Contributor to books, including Combat Zone, Fearon Education, 1990; Fearon's Amazing Adventures, Fearon/Janus/Quercus, 1993; Growing up Gay: A Literary Anthology, edited by Bennett L. Singer, New Press of New York, 1993; Another Wilderness, edited by Susan Fox Rogers, Seal Press, 1994; Sportsdykes, edited by Rogers, St. Martins Press, 1994; Tomboys!, edited by Lynne Yamaguchi and Karen Barber, Alyson, 1995; and Women on Women 3, edited by Joan Nestle and Naomi Holoch, Plume Books, 1995. Contributor to magazines, includ-ing Newsday, Conditions, Northwest Literary Forum, California Wild, Girlfriends, Ms., Fiction International, California Bicyclist, and Frontiers. Author of CD-ROM scripts for National Geographic, 1997–98, and George Lucas Foundation.
An accomplished novelist, editor, and essayist, Lucy Jane Bledsoe has also shared her interest in the out of doors by penning fiction and nonfiction for middle-grade readers. In titles such as The Big Bike Race, The Antarctic Scoop, and Cougar Canyon Bledsoe weaves science, nature, and adventure into highly praised novels that critics have lauded for their likeable and realistic preteen protagonists. In a slight change of pace, her novel Hoop Girlz focuses on organized sports. In the novel, an eleven year old who is determined to play her favorite sport because of the love of the game sets about starting her own team with a rag-tag group of like-minded students who have been cut from her Oregon middle school's new basketball team. In Booklist Bill Ott praised Hoop Girlz as "well constructed and realistic," adding that Bledsoe's "humor is fresh" and her protagonists "believable."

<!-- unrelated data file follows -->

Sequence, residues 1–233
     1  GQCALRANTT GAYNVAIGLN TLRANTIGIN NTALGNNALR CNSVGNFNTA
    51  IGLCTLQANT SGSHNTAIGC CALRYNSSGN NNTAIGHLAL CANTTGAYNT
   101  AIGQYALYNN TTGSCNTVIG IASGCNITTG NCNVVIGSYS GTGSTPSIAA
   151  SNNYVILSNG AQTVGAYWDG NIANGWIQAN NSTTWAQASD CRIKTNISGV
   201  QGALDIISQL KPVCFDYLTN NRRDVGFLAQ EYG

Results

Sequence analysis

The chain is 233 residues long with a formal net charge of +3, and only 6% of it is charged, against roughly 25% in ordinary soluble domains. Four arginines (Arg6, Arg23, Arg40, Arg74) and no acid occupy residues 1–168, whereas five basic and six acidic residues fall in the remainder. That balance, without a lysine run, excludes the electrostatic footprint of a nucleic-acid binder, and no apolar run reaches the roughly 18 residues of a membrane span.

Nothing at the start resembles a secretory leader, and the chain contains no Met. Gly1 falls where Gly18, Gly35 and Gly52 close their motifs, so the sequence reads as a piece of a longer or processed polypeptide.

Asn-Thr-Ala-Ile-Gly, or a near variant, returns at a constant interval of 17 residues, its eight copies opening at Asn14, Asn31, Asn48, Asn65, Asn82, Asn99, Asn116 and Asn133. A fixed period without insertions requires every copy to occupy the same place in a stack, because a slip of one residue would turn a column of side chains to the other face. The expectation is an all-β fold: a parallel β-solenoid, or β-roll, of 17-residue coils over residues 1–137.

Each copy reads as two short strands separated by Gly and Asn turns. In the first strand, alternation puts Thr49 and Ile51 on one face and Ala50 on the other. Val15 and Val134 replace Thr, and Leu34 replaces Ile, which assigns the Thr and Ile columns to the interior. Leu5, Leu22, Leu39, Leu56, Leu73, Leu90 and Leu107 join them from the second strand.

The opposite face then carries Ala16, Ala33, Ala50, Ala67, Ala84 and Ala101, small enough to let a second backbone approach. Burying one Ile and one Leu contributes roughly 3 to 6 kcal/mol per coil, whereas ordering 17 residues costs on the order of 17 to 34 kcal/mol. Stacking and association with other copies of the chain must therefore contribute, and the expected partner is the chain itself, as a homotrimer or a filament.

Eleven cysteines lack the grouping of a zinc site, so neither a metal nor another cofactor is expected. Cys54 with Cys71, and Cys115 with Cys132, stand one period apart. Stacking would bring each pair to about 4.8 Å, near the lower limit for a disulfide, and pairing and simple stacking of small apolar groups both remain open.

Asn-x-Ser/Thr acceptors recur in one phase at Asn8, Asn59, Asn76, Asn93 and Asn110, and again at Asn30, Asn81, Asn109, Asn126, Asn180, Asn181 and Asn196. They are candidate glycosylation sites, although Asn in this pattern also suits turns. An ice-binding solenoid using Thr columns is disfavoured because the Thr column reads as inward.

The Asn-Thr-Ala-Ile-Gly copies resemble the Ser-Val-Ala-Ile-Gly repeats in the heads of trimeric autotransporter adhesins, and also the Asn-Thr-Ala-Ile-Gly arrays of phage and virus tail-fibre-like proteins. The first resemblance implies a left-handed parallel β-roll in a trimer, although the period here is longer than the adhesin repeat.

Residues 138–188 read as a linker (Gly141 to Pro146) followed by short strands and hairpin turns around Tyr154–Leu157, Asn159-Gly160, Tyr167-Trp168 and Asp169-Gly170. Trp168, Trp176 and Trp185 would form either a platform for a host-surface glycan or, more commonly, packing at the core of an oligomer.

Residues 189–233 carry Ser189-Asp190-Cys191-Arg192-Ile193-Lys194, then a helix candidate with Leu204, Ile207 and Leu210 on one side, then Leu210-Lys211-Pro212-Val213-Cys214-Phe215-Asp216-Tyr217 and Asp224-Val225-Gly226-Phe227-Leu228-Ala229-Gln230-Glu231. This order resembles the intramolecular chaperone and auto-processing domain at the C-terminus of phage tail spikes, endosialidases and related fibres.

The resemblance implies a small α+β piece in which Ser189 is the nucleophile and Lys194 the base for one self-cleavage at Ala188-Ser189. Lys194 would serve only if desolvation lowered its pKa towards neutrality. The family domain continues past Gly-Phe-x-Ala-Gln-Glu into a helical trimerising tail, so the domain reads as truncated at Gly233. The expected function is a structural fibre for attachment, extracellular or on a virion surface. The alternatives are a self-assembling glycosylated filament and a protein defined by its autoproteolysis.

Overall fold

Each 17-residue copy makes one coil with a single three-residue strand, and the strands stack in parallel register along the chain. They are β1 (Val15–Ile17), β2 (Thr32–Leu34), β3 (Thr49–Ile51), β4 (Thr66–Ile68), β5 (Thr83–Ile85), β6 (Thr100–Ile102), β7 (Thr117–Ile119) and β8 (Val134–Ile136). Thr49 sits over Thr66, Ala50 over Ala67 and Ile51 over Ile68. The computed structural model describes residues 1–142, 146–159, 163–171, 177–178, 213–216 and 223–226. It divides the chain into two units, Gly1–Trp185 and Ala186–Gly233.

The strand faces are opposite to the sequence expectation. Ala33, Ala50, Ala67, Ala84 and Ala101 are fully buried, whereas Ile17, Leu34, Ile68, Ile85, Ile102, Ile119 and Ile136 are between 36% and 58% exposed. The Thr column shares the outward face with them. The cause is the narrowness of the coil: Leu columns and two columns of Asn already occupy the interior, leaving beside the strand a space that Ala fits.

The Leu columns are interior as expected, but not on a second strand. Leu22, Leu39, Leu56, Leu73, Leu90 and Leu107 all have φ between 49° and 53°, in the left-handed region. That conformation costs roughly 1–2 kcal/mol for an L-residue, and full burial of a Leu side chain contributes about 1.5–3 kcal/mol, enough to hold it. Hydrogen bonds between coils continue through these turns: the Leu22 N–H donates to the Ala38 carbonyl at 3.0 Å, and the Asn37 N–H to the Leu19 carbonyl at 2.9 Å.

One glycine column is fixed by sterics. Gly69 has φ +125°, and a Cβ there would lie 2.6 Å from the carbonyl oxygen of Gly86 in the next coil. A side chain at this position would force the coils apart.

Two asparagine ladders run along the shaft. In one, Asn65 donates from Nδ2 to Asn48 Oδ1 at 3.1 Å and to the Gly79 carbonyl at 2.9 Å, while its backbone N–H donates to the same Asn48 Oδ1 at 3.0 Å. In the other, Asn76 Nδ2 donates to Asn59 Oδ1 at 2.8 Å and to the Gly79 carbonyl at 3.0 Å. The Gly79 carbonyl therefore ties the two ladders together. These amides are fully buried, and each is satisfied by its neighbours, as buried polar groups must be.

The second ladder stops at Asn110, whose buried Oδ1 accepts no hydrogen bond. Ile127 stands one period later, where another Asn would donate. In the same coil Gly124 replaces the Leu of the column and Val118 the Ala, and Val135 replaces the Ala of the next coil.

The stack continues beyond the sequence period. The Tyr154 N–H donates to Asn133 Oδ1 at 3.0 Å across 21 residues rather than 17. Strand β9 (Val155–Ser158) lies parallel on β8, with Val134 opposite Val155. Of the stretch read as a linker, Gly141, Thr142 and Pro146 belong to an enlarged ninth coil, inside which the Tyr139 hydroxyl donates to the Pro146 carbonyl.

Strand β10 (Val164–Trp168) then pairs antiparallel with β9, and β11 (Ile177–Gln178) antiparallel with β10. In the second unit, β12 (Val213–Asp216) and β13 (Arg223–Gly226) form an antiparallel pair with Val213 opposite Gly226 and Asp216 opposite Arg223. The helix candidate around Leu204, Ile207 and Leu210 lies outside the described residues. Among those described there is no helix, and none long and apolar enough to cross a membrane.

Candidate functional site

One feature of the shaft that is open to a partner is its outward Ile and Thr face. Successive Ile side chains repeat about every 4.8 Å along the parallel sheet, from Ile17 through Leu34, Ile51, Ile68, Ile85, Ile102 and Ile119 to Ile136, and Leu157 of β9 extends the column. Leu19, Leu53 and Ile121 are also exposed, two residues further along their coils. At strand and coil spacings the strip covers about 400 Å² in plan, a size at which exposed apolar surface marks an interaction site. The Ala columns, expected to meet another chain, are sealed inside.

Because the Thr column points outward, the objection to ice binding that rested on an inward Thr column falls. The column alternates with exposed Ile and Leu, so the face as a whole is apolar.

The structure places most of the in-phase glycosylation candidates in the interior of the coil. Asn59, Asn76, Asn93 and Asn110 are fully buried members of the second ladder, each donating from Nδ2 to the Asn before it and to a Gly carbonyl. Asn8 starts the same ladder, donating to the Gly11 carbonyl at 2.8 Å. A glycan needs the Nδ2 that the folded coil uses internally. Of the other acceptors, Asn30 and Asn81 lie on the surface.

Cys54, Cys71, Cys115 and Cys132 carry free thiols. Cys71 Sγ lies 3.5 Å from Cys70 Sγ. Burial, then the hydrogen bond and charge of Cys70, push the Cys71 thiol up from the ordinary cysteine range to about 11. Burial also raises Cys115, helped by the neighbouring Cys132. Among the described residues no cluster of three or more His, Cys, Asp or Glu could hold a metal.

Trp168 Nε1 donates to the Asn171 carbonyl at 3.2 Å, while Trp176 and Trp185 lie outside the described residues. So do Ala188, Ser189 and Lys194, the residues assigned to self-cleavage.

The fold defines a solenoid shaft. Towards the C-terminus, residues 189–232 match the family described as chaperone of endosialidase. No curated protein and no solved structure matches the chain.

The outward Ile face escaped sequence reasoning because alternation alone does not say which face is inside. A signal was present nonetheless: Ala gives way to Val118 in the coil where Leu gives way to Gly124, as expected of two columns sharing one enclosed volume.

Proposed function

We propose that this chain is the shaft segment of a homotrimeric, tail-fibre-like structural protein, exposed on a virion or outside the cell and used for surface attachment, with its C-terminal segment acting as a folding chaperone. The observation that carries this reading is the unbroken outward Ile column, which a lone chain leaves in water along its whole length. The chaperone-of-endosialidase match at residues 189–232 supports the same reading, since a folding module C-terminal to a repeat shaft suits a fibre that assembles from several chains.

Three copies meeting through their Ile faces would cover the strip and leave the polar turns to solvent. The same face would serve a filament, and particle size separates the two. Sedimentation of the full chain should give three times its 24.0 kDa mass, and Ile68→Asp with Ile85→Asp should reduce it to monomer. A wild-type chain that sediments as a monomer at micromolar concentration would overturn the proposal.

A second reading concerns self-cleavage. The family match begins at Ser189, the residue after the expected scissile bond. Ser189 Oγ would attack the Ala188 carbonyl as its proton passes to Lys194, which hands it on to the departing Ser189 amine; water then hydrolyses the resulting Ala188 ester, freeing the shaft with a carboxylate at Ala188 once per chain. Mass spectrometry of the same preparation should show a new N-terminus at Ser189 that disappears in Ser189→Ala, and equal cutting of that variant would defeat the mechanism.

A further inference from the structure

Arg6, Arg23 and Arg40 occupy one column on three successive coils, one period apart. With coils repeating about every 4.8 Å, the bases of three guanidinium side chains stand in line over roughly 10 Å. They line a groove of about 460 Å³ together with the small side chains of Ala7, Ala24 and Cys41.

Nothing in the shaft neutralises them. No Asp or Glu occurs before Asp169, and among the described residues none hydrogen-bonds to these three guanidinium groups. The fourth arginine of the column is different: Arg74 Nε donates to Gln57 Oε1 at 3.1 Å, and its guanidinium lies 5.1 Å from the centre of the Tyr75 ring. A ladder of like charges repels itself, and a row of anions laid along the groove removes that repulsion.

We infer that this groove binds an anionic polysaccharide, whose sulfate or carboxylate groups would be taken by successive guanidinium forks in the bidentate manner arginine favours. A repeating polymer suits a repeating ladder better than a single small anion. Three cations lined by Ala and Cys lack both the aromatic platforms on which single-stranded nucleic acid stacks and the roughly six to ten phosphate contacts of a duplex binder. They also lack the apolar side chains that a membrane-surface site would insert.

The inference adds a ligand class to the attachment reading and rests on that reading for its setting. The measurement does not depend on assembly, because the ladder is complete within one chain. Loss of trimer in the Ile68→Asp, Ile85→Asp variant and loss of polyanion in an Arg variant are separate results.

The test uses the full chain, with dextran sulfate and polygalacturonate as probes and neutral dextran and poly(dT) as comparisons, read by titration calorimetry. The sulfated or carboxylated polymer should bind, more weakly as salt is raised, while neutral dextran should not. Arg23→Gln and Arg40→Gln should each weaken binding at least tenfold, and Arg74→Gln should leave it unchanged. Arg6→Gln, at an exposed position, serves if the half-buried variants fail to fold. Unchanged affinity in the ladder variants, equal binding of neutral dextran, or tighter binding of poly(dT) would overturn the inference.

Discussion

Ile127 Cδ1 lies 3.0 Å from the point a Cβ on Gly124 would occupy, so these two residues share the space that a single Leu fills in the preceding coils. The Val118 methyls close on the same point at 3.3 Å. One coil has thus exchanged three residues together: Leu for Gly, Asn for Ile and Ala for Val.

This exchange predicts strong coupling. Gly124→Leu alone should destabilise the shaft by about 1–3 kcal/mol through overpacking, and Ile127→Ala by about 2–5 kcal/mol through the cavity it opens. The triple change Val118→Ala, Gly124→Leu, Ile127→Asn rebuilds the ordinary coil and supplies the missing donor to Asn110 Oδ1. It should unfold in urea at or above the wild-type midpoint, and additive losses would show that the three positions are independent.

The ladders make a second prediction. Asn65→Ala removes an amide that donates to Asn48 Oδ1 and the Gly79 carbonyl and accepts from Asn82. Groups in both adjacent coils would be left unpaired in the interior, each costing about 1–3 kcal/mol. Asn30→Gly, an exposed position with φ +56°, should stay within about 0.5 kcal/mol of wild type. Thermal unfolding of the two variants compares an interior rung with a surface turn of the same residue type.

In The Big Bike Race Ernest and his sister, Melissa, are being raised by their grandmother in Washington, DC. Ernest desperately wants a sleek, new racing bicycle for his tenth birthday, and his less-than-affluent grandmother manages to save enough money to buy the boy a bike: a big, clunky, yellow bike. Although embarrassed by the bike, Ernest is touched by his grandmother's generosity and is determined to win the Citywide Cup race with his new bicycle. Critics praised The Big Bike Race for its depiction of a loving African-American family that succeeds despite poverty. Booklist reviewer Lauren Peterson commented that the novel's "dignified portrayal" of a poorer family "is something not seen enough in mainstream children's literature." Noting the story's subtle lesson, Margaret A. Bush wrote in Horn Book that Bledsoe's "nice twist veers events away from a predictable outcome to a more complex and satisfying conclusion." Interestingly, The Big Bike Race is based on the author's own childhood memories of receiving a big, used, yellow bike as a gift.
Cougar Canyon finds thirteen-year-old California teen Izzie Ramirez facing summer vacation by determining to start her own yard-care business. While working for a wealthy client whose property borders one of northern California's wilderness areas, she learns that two older teens plan to hunt and kill the wild cougar that lives in the nearby woods. Izzie quickly sets about trying to save the cougar's life, drawing on her close-knit family for support and comfort when the animal is eventually killed. Calling Izzie "a winning protagonist," a Kirkus Reviews contributor added that the teen's "keen observations, occasionally awkward outspokenness, and independence" will win over middle-grade readers. Praising Cougar Canyon as a "thematically rich" novel, Janet Gillen added in School Library Journal that the story "weaves together themes of strong familial ties, friendship, self-awareness, and the importance of respecting all living creatures."